Instead of waking up to those dull grey mornings which tend to dominate the UK and one or two other northern European countries, how about waking up to consistently blazing sunshine, and taking a dip in your own pool just to kick things off every morning?
If this appeals, then why not think about starting a business in sunny Italy? ‘No way, I’ve read your blog!’, you might be heard to utter. However, you may be surprised to learn that there are plenty of business opportunities in Italy, especially in the tourism sector. Why? Well, as you may have gleaned from reading Blog from Italy, the Italian way, is not always the right way, and this provides those with budding entrepreneurial spirit with a veritable mountain of opportunities.
Italians are good business people, this is true, but, despite this, many are not exploiting the full potential of their activities, or the regions of Italy in which these activities are situated. And, they don’t know English too well either, which means many simply cannot even begin to consider certain potentially lucrative extras in Italy. And then there is another problem, something which besets business particularly in the south of Italy, and something which leaves a gaping hole. No more on this for the moment!
I’m painting a rosy picture, I know. In actual fact, to get a business off the ground in Italy is not that easy. You will probably need good advice to help you avoid mistakes, and ensure that the all important first year does not eat away all your funding.
Yes, what I am saying is that you really could benefit from help when starting a business in Italy. The trouble is knowing who to turn to for business advice. Well, how about speaking to people who have already been through the mill? People who have set up and currently run a successful business in Italy.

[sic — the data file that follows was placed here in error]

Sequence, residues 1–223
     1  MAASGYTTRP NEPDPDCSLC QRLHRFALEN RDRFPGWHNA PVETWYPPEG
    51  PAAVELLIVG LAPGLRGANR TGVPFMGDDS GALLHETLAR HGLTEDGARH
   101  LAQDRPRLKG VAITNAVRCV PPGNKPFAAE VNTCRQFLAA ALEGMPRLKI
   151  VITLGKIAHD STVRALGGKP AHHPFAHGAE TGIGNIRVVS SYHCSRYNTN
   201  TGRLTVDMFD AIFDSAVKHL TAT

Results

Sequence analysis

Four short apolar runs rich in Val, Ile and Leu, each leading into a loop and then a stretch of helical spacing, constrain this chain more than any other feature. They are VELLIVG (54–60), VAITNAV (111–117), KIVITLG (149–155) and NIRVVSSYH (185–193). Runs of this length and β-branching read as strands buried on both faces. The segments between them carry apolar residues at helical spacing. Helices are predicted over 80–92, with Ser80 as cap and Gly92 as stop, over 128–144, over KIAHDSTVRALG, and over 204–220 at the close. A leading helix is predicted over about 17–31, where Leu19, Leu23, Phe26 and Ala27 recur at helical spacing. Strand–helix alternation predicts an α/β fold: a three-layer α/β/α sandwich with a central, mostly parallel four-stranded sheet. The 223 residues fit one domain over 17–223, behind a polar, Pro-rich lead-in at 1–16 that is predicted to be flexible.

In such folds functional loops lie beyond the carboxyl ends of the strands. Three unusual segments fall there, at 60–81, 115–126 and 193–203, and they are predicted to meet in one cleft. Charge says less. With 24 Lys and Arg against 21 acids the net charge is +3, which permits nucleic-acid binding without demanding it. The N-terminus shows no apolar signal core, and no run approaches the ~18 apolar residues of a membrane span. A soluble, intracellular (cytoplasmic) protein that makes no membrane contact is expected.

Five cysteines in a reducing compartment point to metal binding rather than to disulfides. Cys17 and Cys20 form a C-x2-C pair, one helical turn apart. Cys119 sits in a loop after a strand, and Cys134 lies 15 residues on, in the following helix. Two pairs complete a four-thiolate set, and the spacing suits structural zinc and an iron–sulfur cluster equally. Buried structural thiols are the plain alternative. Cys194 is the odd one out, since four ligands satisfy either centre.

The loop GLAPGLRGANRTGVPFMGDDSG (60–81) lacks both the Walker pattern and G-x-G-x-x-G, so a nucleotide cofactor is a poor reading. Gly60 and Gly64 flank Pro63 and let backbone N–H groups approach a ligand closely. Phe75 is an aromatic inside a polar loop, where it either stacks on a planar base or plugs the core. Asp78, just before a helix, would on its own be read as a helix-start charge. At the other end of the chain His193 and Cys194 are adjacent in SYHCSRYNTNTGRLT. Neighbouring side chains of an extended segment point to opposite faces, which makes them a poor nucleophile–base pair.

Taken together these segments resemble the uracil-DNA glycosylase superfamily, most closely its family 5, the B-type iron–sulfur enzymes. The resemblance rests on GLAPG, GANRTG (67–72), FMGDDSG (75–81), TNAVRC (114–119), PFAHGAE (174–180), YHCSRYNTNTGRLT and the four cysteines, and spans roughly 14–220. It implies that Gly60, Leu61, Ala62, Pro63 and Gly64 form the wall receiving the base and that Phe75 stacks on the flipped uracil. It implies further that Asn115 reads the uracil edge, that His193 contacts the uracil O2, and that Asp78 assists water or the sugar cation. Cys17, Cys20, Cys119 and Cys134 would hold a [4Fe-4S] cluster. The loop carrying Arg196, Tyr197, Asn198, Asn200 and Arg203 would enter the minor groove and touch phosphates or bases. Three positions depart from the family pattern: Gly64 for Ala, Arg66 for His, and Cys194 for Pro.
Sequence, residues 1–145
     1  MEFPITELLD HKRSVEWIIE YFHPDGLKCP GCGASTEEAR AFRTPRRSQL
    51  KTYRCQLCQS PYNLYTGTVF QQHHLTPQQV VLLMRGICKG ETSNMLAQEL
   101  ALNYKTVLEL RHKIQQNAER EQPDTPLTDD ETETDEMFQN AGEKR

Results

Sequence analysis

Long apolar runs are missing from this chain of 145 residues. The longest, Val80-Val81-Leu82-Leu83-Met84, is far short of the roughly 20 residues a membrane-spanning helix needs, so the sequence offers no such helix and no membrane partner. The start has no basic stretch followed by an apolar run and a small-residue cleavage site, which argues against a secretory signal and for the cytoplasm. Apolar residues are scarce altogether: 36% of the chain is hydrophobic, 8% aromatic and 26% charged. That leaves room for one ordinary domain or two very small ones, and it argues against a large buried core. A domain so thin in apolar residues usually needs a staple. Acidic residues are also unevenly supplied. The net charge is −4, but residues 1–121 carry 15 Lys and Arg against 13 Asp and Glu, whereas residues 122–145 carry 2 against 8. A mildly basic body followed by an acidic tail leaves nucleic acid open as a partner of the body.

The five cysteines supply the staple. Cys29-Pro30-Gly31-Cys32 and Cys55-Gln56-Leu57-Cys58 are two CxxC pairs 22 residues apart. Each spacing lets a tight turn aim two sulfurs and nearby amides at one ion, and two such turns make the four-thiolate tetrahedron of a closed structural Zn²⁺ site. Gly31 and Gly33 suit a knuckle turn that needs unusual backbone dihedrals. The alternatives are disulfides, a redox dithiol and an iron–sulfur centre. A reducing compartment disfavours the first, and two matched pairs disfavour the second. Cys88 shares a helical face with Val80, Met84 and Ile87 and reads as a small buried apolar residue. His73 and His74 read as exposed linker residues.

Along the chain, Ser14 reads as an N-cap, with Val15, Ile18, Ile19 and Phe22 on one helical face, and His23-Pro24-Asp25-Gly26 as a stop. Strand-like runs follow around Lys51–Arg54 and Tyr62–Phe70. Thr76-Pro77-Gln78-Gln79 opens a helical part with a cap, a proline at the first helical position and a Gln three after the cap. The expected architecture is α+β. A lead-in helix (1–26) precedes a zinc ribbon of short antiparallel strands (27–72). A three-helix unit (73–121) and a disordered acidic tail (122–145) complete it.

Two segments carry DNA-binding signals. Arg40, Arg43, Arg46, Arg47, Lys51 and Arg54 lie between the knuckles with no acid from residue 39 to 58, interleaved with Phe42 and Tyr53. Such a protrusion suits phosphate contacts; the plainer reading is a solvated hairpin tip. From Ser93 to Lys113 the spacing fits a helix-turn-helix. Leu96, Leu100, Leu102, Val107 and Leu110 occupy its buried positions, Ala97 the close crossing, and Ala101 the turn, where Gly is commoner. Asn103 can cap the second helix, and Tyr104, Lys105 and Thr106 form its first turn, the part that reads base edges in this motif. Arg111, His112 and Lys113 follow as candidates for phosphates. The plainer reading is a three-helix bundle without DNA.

Others Are Doing It, You Can Too
As you may know from having read the series on expat run bed and breakfasts in Italy, there are a few foreigners who have built themselves successful business activities in some beautiful areas of Italy.
On such pair of expat small business owners in Italy is David and Pam Bates of Villa Sibilini who are in the up and coming Le Marche region of Italy. They have a very nice looking set up, and I hope to be having a closer look round, along with other half, six year old earthquake and, possibly pesky peeing pooch, soon.
I’ve learnt quite a lot about Pam and David, and even managed to meet up with them the other day when they were up here in Milan on business.
David’s New Business Development Skills
David, it transpires, worked in the UK on new business development projects for a major British motoring organisation known as the AA. As you might expect, he used this experience to help get Villa Sibillini off the ground. David admitted to me that he likes nothing more than whiling away hours drawing up business plans, and then fiddling with them until they look promising. He’s a sensible chap too. One of these disciplined people who creates a five year plan, monitors it closely, and sticks to it.
If things do not go according to the business plan, David knows when to pull to plug, and this means saving a company from the unpleasantness of nasty things like bankruptcy. Getting out while the going is still good means that funds should still remain largely intact, or at least not be too badly dented. Always a nice to know.
David also explained to me how he has come to understand how to set up and do business in Italy, and he knows which way to take things to increase chances of success, and which routes may well lead to fund dissolving dead ends. He is also rather intimate with Italian bureaucracy, which tends to bite at both national and local levels in Italy.
The long and the short of it is that David can use his experience to provide lots of useful advice on both how to start up and how to run a company to those looking to own their own business in Italy. He’s a mine of useful business related information, is David bates. The there is Pam, the other half of the Villa Sibillini team.
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